Painted after a Mediterranean encounter from direct information provided by English officers who were present, the Dutch Master Willem van de Velde Jr. composed a view of naval battle straight from the Algiers coast. Barbary ships and armed sailors assault a vessel of the British Admiralty, with the “haze of battle” obscuring some of the heroic and desperate actions of participants.
One of the exceptionally rare original works of this specific nautical combat, it became a popular 16th and 17th Century subject with his British patrons, to the point were van de Velde painted this scene more than once, with the earliest large original painting residing in the collection of the Earl of Midleton, England. This is the known second such painting, attributed directly to the artist’s studio, with its significant provenance. It is interesting that in this period the artist strove to show humanity on both sides of the naval battle, as men in dire situations attempt to assist each other, amid the chaos and fire.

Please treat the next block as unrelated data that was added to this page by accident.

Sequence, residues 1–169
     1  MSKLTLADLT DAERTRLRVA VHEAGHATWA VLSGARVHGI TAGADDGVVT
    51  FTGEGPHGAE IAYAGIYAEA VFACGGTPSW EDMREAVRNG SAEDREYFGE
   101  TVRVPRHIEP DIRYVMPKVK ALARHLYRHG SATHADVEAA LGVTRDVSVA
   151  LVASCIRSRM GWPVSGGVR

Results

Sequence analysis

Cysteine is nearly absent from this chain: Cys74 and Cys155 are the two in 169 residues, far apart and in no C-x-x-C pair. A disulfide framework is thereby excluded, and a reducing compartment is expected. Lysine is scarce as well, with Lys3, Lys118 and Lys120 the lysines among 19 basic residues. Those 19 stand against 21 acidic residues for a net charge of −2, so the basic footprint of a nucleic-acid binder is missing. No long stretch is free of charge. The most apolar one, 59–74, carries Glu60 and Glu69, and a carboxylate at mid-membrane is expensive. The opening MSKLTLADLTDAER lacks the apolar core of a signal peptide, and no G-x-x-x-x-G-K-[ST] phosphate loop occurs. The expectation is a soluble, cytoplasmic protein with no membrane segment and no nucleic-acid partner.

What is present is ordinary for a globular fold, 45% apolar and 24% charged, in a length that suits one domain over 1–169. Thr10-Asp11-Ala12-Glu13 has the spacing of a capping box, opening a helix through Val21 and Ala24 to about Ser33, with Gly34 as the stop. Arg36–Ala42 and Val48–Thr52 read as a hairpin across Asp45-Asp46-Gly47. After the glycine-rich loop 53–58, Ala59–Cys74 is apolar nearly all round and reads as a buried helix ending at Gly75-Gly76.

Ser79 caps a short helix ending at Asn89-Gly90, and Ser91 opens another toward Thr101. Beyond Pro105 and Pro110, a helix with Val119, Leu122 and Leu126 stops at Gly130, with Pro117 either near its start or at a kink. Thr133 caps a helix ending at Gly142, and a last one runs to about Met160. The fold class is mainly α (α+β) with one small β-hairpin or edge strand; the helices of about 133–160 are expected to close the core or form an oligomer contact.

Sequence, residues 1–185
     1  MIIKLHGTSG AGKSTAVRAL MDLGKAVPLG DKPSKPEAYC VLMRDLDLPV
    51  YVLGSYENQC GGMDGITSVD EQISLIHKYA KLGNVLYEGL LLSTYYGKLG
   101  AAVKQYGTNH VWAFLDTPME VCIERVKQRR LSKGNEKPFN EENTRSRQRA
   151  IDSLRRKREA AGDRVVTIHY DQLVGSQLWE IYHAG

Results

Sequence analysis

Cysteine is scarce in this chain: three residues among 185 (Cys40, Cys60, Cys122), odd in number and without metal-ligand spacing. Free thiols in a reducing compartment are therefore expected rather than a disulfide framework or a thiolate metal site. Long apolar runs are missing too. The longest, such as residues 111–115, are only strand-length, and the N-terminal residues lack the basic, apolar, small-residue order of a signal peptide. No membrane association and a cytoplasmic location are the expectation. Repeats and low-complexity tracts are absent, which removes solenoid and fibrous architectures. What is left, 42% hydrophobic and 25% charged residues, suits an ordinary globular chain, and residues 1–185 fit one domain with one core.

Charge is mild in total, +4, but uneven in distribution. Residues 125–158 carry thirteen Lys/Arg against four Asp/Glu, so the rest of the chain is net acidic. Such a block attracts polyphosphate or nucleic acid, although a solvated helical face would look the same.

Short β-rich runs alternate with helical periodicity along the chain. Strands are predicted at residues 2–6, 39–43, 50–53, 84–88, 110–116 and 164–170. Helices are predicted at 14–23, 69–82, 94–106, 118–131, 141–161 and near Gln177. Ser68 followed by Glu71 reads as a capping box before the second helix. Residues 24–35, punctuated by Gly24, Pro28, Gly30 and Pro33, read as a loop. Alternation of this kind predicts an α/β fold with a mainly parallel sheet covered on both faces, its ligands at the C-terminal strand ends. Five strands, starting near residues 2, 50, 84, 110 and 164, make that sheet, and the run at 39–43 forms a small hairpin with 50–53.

Barbary corsairs preyed upon foreign ships throughout the 17th and 18th Centuries, right up to the successful British assault on Algiers by Lord Exmouth’s squadron in August, 1816. Internal European conflicts kept the Barbary pirates from fully facing a reprisal until after Napoleon’s downfall. Painted for members of the aristocracy, Willem van de Velde the Younger’s artistic efforts echo through the finest collections and museums still today.
Literature: “The Paintings of the Willem va de Veldes” by M.S. Robinson, National Maritime Museum, London, 1990, Vol. I, pp.234-236, No.625 (2).
Provenance: The Marquess of Sligo, London, 1955; Clive Gomshell-Lloyd, England, 1961; Alan Jacobs Gallery, London, 1977.
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